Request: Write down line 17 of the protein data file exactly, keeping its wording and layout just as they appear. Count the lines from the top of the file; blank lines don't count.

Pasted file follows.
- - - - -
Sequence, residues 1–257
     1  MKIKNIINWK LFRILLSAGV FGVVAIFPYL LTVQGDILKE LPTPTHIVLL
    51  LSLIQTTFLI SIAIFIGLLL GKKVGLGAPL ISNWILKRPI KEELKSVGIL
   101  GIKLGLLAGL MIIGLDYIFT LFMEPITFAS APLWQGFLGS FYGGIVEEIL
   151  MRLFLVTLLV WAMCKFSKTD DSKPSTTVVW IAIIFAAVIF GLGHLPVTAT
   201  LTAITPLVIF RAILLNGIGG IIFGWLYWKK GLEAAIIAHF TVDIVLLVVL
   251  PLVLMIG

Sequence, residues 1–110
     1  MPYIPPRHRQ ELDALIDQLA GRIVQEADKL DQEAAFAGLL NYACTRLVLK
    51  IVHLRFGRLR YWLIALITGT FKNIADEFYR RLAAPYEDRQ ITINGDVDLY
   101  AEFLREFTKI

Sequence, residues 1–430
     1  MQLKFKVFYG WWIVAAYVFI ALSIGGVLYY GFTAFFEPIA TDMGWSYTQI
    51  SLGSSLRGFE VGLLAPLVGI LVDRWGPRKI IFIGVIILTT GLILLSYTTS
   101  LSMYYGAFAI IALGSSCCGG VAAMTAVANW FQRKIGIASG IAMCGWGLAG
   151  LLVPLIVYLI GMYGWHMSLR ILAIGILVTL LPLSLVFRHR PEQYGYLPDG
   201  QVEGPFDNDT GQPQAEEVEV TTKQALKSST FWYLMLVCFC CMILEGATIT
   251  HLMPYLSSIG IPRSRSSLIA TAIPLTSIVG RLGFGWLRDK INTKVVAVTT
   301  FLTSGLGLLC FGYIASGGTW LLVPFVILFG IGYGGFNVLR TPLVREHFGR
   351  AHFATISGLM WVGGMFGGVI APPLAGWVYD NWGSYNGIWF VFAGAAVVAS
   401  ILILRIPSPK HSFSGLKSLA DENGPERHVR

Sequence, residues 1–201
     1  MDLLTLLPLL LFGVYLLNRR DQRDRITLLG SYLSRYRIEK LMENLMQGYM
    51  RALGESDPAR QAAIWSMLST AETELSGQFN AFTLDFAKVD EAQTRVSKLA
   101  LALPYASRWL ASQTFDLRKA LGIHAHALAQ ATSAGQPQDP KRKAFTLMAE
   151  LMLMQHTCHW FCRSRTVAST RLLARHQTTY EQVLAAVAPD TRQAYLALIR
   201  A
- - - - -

   201  QVEGPFDNDT GQPQAEEVEV TTKQALKSST FWYLMLVCFC CMILEGATIT